At risk Birmingham children are being let down says report

CHILDREN at the highest risk of sexual and physical abuse continue to be let down by Birmingham City Council’s failing social services, a highly-critical government report has concluded.

Ofsted inspectors have carried out a new inspection and branded social workers and management inadequate and found “significant weaknesses” in child protection arrangements.

In a blistering condemnation following the two-week inspection last month, services for safeguarding children were given the lowest possible Ofsted ranking – not meeting minimum requirements.

The findings will be a bitter blow to city children’s social services, which has been working under a government improvement order for 16 months.

A Serious Case Review into the death of Khyra Ishaq, the seven-year-old Handsworth girl starved to death by her mother and stepfather under the noses of Birmingham social services and education officials in 2008, is due to be published next month.

A new senior management team has been put in place under Children’s Social Care Director Colin Tucker, and council leaders had hoped Ofsted would find dramatic improvement.

But Inspectors said: “Medium-term plans to address some concerns, although important, do not address the serious deficiencies in the quality of safeguarding and protection services which are longstanding, very evident and in need of immediate action.”

The report was released just two weeks after the council announced that Mr Tucker’s boss, Children’s Strategic Director, Tony Howell, would be taking early retirement. He plans to leave in January, when he will be 60.

The Ofsted report says social services leadership and management and efforts to ensure safe levels of staffing in social care remain inadequate.

It says: “Critical shortcomings, particularly within children’s social care and health, mean that not all children are being safeguarded and protected.

“Critical deficiencies remain in front line work with children and young people despite significant attempts to deliver improvements.

“The effectiveness of services in Birmingham to ensure that children and young people are safe is inadequate because of significant weakness in child protection arrangements.”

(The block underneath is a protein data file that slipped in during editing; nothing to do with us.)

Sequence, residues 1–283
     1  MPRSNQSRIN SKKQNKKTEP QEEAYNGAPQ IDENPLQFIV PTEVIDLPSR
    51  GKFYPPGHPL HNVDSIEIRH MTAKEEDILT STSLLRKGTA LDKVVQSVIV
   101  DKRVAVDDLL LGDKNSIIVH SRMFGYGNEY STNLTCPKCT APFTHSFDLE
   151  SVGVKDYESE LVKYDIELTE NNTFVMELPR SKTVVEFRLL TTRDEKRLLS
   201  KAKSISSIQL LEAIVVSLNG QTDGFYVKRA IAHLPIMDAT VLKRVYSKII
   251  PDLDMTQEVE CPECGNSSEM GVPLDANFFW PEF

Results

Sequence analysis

And while the Inspectors pointed to some good initiatives and pockets of improvement, the overall conclusion was of “insufficient focus on the critical core business of protecting children and young people at the highest risk”.

Failings identified by Ofsted include:

* A lack of accurate information means that managers don’t know whether children on protection plans are visited regularly.
* Managers are largely unaware of the quality of the service.
* Child protection plans are not being fully implemented and referrals are not being followed up.

Ofsted was not convinced about the future, adding that “serious deficiencies” in management meant that capacity for improvement was inadequate. Coun Len Clark (Con, Quinton), executive member for children’s social care, insisted the Inspectors had found some evidence of improvement.

However, he added: “We know we are not good enough yet, we know more needs to be done and we know what we have to do to improve.

“But there is no quick-fix solution to the problems faced in an authority the size of Birmingham.”


A shocking 19 children have died of abuse or neglect in Birmingham in the past six years – with 16 of them known to social workers.

A further three youngsters suffered serious injuries that could have resulted in death.

As well as Khyra Ishaq, cases include:

His parents were found not guilty of manslaughter by gross neglect, but it was revealed that the year before social services had ignored requests by police to take him into care following a fire at the family home which resulted in his parents being convicted of child cruelty.

Alarm bells

Alarm bells began to ring for Birmingham City Council in December 2008 when Ofsted inspectors declared that services for vulnerable children were inadequate and in need of sharp improvement.

Nineteen months later, the watchdog body has detected little in the way of improvement and made another must-do-better plea.

In February last year the Government moved to place Birmingham children’s social services under a formal improvement order.

Council leaders were told to make “robust and sustained” improvements – an order given greater significance by the disclosure that at least 15 children, many known to social services, had died of abuse or neglect in Birmingham since 2005.

The council’s ruling Conservative-Liberal Democrat coalition responded by appointing new senior social care managers and by ordering a “warts and all” report into what had gone wrong. The Who Cares? report, by Tory councillor Len Clark, identified “systemic failure” in children’s services and called for wholesale reform.